Skip to main content

E3 opens its doors to the public with 15,000 tickets

Getting down on the show floor

Obviously we at RPS must have made E3 look so glamorous that everyone wants a look-in. I mean, I assume that that's the reason the Electronic Entertainment Expo [official site] is offering tickets to the general public for this year's show - all of our tweeting from press conferences and the mention of pancakes the size of pillows at local diners and that story about how I brought a stick coated in tar back as a present for Alice... It's E3 gold, innit.

E3 has dabbled with public attendees in the past - there was E3 Live in 2016, for example, which gathered some bits of E3 into a separate venue and admitted members of the public, and 2015 had an invite-only element of public attendance - but this feels like a real shift for the usually-trade oriented show as Gamespot are reporting 15,000 tickets will be available and will offer access to the show floor, panels and other bits and bobs. It sounds like full attendance rather than a side event or a curated subset of people.

These tickets go on sale at 12pm ET on February 13 and they'll set you back "$250 (or $150 as part of an early bird discount available on February 13)" (as per Gamespot).

I went to E3 a couple of years ago for this site and it's such a weird thing and I really struggle to see it through consumer eyes. It's a true bubble of games industry stuff and if you're working you spend so much time stressed out of your mind, rushing between appointments at different ends of the huge halls, desperately transcribing interviews, writing notes and howling at wifi connections. That's to say nothing of spending hours in traffic as you try to get to the conferences publishers have decided to hold in Hollywood or wherever.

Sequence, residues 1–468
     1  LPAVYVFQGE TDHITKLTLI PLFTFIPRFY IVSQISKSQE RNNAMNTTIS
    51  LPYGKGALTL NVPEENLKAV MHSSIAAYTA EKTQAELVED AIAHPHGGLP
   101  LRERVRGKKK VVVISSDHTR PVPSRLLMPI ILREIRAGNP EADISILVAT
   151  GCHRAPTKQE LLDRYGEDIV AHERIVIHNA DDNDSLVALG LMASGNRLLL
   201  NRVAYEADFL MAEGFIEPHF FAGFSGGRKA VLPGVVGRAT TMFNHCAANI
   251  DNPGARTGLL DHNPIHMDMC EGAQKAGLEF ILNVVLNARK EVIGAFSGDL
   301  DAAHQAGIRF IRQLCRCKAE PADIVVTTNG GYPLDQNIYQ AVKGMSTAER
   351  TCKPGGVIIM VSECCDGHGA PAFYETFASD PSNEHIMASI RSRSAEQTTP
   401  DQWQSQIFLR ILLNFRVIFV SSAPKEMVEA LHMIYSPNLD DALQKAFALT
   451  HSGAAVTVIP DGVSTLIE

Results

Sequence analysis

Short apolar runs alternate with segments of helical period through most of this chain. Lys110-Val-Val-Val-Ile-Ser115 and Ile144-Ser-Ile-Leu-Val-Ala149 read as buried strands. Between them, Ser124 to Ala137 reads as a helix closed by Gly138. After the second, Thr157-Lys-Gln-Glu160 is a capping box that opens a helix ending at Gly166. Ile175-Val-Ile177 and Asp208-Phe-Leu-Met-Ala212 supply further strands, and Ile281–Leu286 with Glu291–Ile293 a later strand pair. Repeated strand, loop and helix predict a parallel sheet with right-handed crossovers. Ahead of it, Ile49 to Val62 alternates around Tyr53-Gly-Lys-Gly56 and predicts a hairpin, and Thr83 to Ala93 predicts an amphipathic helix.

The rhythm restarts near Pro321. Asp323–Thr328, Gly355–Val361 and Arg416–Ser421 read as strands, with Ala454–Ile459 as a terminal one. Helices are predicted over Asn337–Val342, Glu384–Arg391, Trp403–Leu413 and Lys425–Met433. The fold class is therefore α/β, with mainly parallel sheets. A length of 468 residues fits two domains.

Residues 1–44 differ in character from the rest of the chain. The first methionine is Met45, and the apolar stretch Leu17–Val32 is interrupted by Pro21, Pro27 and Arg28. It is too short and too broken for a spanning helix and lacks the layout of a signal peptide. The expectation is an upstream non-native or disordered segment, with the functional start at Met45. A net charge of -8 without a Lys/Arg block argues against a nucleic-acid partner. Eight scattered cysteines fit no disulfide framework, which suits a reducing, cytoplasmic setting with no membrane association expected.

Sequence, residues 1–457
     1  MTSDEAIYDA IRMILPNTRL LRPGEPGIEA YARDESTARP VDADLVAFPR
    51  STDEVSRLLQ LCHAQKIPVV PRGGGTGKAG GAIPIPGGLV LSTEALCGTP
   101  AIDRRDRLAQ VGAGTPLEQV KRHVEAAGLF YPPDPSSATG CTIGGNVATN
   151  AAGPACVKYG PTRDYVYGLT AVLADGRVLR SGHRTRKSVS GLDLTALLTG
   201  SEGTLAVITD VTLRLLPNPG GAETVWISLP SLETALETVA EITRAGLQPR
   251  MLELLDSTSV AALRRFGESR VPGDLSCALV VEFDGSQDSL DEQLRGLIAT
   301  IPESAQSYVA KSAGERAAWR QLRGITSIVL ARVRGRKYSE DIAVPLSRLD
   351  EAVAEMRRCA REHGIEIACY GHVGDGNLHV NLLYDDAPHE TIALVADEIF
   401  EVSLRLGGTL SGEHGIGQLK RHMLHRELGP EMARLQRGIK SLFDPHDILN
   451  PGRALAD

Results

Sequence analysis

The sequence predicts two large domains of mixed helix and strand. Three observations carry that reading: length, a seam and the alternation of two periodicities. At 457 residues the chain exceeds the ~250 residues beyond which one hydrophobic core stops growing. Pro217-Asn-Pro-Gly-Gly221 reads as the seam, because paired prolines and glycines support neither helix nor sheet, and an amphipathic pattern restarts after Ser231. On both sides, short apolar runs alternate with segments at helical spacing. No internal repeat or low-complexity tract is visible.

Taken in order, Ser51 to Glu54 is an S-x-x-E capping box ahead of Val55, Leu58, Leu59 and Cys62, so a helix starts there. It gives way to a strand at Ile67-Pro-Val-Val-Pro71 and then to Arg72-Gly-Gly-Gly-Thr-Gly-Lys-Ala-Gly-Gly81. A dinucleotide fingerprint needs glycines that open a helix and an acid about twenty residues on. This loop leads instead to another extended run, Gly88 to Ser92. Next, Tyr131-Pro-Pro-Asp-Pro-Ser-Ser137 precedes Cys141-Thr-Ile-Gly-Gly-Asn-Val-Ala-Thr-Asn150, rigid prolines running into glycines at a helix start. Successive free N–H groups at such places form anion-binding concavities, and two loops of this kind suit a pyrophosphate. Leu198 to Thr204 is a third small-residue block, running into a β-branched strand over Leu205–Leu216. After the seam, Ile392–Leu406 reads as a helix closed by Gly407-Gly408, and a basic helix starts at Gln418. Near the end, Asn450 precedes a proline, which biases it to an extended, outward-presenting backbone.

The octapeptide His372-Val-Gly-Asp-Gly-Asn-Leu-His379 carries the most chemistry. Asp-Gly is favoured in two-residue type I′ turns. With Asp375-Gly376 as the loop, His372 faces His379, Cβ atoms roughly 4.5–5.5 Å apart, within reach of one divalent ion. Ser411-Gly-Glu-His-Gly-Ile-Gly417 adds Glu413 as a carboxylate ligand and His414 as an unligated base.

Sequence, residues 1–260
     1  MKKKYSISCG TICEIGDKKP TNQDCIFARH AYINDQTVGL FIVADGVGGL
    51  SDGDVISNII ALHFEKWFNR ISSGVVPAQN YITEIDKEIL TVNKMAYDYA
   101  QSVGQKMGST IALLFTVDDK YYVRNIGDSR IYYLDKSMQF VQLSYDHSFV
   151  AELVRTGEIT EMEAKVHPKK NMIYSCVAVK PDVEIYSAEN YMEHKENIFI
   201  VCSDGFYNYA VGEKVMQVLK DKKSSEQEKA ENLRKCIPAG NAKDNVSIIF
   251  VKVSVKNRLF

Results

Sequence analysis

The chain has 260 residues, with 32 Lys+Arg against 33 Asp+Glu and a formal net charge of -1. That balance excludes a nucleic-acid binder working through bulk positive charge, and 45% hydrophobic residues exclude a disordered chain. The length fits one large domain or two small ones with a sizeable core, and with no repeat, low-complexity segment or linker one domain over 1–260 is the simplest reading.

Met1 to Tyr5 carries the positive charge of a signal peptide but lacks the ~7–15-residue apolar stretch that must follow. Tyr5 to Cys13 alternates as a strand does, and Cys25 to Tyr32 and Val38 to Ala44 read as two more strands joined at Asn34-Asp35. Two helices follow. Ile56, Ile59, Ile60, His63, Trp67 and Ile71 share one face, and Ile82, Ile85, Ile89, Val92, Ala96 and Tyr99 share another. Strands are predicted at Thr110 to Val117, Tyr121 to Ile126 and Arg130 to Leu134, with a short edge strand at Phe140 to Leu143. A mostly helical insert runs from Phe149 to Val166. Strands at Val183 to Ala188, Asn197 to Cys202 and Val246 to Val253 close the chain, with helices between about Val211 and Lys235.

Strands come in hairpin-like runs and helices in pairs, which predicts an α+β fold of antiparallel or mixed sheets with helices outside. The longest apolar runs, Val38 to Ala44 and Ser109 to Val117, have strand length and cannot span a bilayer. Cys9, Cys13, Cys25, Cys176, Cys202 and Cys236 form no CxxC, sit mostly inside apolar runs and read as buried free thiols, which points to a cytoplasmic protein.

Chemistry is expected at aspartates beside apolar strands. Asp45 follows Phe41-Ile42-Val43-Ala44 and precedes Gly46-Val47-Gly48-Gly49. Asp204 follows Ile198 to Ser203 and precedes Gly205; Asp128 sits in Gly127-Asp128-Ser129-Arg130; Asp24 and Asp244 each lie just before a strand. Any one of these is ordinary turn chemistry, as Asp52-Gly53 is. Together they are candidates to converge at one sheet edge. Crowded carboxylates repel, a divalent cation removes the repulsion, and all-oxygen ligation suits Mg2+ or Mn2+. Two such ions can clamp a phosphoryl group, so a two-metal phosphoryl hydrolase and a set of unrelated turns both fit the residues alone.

It's... weird. And you get so exhausted and run down and wrung out by the end of it that it's hard to imagine attending it for pleasure. Then you realise that if you're a member of the public who doesn't live in that bubble maybe you'd actually be strolling in after a leisurely breakfast, playing games and not, say, trying to make cup noodles using only a coffee maker in your hotel room at 4am after writing three preview features and realising you haven't eaten since noon.

So with that in mind, I'm interested to know whether you're excited about this change. I mean, do you look at E3 and think "That is a thing I want to be part of"? or are you content to watch the bits you like online and leave the rest until later?

E3 is taking place 13-15 June at the Los Angeles Convention Centre. If you're thinking of going, I can tell you this for nothing: book a bloody hotel room as soon as you can otherwise you'll end up a million miles away and spending a fortune to do so. Oh, and the James Irvine Japanese Garden at the Japanese American Cultural and Community Center is a really lovely alternative if you're looking to have a quiet moment in LA instead.

If, however, you'd prefer to spend your time in England instead of LA there's always Rezzed, which is fun and also a manageable size. You can get a 3 day pass for that for less than £40 AND we're partnering with it so we'll be there. I mean, given you're probably only eyeing up E3 because we made it look cool it's worth bearing in mind that you can bask in our coolness at Rezzed far more easily. I'll leave the link here...

Read this next